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XINHUA NEWS SERVICE REPORTS FROM THE AFRICAN CONTINENT

 
Kenyan experts support technology to boost water management

NAIROBI (Xinhua) -- Kenya’s ability to meet the rising demand for clean drinking water amid rapid population growth hinges on adoption of appropriate technologies and innovations to boost management of the commodity, experts said on Thursday evening at a forum in Nairobi.

The experts said that innovations that enhance water use among households and industries are required to prevent conflicts linked to sharing of a resource that is diminishing in the face of climate change and population pressure.

Wangai Ndirangu, country manager for Watercap, a network of water sector professionals, said that investments in water-saving technologies and innovations could hasten universal access to the commodity in Kenya.

“Our water coverage has remained constant in the last decade, yet we are adding 1 million people to the country’s population annually. This calls for improved water management through harnessing appropriate technologies to tackle scarcity in rural areas and unplanned settlements in cities,” said Wangai.

He spoke in Nairobi during a national workshop on strengthening communication of water science and policies attended by environmentalists and media practitioners.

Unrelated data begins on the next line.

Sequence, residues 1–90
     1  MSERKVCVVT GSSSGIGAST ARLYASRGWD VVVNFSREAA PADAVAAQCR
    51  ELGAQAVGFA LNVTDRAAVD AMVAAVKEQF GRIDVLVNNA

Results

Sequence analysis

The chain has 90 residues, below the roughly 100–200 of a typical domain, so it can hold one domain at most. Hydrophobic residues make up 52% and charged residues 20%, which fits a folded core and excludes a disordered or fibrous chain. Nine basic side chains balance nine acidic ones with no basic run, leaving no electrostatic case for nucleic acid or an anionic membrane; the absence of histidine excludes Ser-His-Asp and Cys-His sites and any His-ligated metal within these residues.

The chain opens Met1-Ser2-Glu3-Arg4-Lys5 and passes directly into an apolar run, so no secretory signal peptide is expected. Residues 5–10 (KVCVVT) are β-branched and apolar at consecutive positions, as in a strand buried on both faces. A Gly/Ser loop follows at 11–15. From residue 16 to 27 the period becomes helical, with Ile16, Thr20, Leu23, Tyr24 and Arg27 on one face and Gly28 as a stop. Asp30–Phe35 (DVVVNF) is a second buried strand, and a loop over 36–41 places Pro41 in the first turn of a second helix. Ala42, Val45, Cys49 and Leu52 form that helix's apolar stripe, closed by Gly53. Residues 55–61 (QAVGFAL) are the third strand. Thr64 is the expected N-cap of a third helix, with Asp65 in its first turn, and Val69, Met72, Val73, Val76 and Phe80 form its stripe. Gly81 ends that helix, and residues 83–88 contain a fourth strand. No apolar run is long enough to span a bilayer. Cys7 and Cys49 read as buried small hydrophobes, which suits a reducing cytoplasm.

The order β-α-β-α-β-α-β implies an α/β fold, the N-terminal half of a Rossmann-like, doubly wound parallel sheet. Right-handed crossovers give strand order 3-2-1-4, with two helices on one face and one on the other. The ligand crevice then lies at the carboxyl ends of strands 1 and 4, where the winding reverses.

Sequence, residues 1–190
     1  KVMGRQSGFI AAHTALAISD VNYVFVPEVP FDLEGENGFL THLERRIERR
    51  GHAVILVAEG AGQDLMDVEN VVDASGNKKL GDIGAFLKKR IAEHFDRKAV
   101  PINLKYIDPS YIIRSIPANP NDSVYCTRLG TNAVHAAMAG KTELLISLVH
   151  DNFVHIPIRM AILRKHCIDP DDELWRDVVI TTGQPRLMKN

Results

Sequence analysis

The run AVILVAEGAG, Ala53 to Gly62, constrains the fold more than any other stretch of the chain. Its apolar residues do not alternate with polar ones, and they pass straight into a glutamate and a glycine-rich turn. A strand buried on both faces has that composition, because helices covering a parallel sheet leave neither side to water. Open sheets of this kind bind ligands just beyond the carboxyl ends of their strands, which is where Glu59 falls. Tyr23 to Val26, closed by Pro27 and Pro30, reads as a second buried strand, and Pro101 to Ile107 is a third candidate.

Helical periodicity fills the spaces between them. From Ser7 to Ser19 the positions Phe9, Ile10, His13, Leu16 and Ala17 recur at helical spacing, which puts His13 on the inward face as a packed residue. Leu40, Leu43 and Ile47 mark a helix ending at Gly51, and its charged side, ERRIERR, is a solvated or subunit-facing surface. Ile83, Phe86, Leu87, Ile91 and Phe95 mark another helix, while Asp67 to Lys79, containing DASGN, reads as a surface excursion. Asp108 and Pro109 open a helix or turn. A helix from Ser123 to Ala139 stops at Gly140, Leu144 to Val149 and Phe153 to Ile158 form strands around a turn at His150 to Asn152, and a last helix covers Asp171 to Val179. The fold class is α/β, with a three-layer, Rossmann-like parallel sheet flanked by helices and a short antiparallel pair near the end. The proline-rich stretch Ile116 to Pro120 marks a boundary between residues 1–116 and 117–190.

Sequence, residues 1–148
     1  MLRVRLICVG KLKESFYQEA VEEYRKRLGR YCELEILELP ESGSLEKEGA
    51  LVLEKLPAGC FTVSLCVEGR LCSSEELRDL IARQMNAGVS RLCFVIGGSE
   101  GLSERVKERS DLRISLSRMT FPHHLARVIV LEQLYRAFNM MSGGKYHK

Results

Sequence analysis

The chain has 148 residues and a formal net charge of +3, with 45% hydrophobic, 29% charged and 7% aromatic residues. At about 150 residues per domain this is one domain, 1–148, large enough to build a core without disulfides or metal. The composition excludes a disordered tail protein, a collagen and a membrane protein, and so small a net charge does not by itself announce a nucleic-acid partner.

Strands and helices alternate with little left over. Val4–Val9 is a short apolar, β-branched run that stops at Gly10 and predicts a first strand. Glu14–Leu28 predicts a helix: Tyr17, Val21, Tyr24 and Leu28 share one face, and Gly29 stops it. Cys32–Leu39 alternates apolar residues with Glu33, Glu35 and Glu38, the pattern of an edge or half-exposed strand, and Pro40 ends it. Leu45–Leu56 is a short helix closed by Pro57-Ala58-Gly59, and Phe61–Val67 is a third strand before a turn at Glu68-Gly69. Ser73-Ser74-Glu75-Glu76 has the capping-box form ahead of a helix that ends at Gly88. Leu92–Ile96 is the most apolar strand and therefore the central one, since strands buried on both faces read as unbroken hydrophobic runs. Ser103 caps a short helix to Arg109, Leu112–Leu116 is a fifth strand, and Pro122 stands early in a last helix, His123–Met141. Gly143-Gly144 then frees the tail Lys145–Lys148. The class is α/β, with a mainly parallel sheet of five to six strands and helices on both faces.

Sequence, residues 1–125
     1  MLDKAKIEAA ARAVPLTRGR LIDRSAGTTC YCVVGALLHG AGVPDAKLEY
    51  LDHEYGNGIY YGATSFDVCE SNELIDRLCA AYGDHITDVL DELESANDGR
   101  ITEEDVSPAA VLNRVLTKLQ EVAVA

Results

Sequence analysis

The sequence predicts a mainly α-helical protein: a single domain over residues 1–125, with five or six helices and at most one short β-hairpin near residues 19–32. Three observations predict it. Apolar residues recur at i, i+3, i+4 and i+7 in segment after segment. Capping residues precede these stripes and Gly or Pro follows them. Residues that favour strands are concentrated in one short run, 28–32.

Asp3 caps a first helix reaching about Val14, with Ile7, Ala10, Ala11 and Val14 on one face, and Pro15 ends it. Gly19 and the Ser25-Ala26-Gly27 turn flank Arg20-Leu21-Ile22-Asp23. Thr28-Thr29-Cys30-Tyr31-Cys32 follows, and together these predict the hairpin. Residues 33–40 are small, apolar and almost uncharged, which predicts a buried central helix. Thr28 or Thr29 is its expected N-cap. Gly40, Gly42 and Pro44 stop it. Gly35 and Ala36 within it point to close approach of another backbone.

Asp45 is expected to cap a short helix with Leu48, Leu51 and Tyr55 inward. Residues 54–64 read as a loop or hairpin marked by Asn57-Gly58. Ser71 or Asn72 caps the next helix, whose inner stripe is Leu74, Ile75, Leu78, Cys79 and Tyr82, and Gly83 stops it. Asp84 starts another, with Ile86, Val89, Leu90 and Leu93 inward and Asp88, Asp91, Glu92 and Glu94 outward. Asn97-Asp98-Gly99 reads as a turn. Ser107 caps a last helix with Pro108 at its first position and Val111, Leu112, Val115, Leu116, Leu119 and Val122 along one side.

Wangai noted that Kenya remained a water-scarce nation due to over-extraction of the commodity at the source to meet competing demands in agriculture and manufacturing sectors.

“The per capita water availability in Kenya is among the lowest in the region and therefore we must explore technologies to promote efficient use of the scarce resource,” said Wangai.

Kenya requires robust policies and regulations to facilitate investments in sustainable water management to achieve economic growth.

Jackline Ndiiri, a Nairobi-based environmentalist, said homegrown innovations are required to address water scarcity that is to blame for mounting poverty, disease outbreaks and skirmishes in the arid regions.

“We need to adopt water harvesting and storage technologies to overcome scarcity that is retarding development and fuelling conflicts in the arid and semi-arid (ASAL) regions,” said Ndiiri.

She noted that investments in waste water treatment technologies are key to tackle scarcity that is rampant in mushrooming urban informal settlements.

           

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